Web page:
Cedar Chicken Coop WoodIt’s certainly not the cheapest wood coop builders could use, in fact, its one of the most expensive. But just like a fine chef, its impossible for a coop builder to end up with a great product if the ingredients aren’t the best.

Cedar (more accurately what we use is called appearance grade rough cut Western Red cedar) is one of three woods commonly found in North America that without chemical treatments are suitable for exterior use. The other two are redwood and cypress. Here are some of the reasons cedar is desirable for chicken coops…

• Cedar is lightweight and dimensionally stable. It lies flat and stays pretty much straight, which means it resists the natural tendency to crack and bow as you might find in many other wood species if used outdoors. Its special cell structure fights moisture rot by allowing it to dry out faster than almost any other wood, time and time again.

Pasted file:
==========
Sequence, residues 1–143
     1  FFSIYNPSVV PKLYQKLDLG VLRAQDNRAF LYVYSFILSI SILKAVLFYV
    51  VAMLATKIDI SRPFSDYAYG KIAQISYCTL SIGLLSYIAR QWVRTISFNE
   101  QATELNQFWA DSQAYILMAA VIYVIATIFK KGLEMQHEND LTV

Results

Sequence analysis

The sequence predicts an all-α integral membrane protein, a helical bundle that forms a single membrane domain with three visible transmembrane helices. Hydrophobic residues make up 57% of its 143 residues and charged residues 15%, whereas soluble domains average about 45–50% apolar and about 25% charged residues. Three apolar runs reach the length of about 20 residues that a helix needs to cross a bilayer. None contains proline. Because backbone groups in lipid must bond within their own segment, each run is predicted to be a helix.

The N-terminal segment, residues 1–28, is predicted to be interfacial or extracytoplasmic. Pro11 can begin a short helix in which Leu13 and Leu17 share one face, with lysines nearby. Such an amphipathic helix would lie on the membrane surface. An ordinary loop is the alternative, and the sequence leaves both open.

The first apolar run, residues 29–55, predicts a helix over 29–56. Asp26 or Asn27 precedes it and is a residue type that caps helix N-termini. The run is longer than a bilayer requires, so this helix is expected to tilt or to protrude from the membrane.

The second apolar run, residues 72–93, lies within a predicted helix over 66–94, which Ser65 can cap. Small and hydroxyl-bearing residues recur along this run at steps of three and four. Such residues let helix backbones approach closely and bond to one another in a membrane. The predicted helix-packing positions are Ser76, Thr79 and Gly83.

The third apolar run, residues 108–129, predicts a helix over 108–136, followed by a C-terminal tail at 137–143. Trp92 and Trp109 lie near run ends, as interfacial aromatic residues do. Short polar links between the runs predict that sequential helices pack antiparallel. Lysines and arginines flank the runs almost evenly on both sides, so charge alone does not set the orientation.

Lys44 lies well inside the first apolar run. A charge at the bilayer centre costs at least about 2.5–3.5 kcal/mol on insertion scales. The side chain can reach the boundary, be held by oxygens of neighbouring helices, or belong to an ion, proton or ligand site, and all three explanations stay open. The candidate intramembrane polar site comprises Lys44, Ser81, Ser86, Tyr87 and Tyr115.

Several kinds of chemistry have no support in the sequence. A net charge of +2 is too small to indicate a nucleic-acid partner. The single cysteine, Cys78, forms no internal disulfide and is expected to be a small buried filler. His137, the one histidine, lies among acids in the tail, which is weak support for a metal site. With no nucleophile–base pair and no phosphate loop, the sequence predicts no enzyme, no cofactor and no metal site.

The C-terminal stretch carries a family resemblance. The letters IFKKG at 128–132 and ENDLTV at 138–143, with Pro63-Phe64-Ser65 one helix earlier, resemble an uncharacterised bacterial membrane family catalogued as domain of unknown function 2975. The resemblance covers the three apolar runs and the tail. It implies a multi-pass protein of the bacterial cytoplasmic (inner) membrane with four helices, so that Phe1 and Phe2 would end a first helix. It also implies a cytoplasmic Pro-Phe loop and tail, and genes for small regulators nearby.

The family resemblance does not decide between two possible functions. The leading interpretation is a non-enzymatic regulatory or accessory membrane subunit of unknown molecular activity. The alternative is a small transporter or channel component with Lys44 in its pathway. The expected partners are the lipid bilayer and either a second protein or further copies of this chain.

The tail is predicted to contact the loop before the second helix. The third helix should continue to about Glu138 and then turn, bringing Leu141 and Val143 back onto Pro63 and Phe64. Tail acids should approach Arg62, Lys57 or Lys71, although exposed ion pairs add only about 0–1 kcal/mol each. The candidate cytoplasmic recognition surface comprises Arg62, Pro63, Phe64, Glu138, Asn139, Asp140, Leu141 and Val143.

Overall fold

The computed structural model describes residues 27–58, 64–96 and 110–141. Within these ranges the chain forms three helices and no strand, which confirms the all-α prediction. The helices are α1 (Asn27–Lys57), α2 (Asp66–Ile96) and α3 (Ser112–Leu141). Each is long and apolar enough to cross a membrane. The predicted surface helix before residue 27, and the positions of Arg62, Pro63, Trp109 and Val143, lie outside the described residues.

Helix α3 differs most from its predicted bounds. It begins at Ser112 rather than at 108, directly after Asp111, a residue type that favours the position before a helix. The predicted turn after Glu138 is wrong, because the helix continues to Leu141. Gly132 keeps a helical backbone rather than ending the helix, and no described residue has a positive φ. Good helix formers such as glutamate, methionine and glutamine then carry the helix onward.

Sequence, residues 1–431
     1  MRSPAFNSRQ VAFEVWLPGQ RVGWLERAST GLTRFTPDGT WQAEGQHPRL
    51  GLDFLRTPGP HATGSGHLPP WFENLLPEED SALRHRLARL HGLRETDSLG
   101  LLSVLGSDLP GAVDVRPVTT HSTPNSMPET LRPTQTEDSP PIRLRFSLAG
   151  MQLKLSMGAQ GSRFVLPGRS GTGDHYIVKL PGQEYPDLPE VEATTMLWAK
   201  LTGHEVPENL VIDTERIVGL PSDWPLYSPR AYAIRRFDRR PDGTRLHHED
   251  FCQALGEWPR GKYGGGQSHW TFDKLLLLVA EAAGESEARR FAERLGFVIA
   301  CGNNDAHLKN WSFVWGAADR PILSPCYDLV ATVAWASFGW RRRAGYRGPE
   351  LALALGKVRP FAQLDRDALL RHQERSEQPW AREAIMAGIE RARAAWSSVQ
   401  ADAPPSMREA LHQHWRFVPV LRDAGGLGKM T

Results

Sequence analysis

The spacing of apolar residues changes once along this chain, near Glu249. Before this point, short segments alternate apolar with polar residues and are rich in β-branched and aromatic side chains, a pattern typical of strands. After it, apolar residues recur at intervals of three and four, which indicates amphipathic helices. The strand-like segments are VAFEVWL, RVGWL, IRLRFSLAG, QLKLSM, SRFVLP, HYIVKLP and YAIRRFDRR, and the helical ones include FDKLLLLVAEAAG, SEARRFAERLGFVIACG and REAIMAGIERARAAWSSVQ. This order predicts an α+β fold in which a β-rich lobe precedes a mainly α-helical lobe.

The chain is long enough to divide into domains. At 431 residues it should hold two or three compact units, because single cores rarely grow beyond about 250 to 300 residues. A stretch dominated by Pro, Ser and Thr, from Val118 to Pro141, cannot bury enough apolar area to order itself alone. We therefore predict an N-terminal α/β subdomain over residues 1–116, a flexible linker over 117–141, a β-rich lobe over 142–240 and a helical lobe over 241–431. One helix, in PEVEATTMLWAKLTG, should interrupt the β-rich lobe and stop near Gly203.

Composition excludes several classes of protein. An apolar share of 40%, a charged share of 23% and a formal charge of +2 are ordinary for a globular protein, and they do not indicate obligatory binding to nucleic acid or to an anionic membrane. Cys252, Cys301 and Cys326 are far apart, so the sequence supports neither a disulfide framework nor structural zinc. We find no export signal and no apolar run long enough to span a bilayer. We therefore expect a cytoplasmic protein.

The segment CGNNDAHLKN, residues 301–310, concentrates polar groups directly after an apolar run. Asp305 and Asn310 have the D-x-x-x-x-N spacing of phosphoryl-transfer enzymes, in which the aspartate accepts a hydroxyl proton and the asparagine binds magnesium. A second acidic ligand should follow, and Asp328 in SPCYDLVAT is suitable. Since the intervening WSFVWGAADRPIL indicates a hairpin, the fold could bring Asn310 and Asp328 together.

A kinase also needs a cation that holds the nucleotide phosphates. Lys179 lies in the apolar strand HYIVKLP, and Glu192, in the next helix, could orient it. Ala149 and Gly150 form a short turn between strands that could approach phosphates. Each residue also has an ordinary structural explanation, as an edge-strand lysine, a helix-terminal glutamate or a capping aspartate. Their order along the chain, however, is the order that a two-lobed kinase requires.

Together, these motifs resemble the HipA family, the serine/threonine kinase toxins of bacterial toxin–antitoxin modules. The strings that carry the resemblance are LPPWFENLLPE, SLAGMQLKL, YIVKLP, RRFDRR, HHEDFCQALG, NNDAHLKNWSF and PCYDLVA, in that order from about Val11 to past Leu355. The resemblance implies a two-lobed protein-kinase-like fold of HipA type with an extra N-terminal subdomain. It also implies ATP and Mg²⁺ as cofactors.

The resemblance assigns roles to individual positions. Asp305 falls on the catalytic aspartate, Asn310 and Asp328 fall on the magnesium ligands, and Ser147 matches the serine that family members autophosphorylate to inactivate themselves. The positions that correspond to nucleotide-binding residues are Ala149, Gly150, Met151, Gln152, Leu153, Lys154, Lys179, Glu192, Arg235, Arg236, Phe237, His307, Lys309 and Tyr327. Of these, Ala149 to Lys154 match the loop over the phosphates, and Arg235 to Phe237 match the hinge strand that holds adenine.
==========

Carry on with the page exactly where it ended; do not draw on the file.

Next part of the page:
• Western Red cedar is incredibly thermally efficient, meaning even on hot days it is cool to the touch and does not transmit heat to areas inside the roost, or for that matter, cold either. Its warmer in winter and cooler in summer.

• Cedar is naturally bacterial and fungal resistant. Cedar is 80% the strength of oak which one of the strongest hardwoods. These facts coupled with its rot resistance make it the most desirable wood to build outdoor structures from… like coops!

• Western Red cedar fibers contain oils that act as natural preservatives to help the wood resist rot and decay making it excellent even in humid climates. Even without special treatment, cedar will easily last outdoors 10-15 years and in some circumstances, much longer.

• Naturally occurring organic compounds called (thujaplicins) give off that distinct cedar aroma that is pleasant to humans but a deterrent to insects, moths and other wood pests. These oils are locked into the boards and are what makes the wood so resistant to bugs and also rot. Don’t confuse western red cedar lumber with eastern white cedar (aromatic cedar) shavings. Western Red Cedar Lumber is absolutely, 100%, NOT DANGEROUS TO CHICKS or FULL GROWN HENS.